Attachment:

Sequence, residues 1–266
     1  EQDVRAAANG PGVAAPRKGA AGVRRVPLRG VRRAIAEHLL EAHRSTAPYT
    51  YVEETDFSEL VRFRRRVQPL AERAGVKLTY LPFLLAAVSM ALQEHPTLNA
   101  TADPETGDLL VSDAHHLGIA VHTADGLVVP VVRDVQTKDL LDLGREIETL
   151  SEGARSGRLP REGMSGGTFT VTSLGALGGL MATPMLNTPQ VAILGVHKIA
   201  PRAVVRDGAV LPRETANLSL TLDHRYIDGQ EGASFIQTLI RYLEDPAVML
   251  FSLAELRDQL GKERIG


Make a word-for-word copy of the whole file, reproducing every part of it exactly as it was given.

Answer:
Sequence, residues 1–266
     1  EQDVRAAANG PGVAAPRKGA AGVRRVPLRG VRRAIAEHLL EAHRSTAPYT
    51  YVEETDFSEL VRFRRRVQPL AERAGVKLTY LPFLLAAVSM ALQEHPTLNA
   101  TADPETGDLL VSDAHHLGIA VHTADGLVVP VVRDVQTKDL LDLGREIETL
   151  SEGARSGRLP REGMSGGTFT VTSLGALGGL MATPMLNTPQ VAILGVHKIA
   201  PRAVVRDGAV LPRETANLSL TLDHRYIDGQ EGASFIQTLI RYLEDPAVML
   251  FSLAELRDQL GKERIG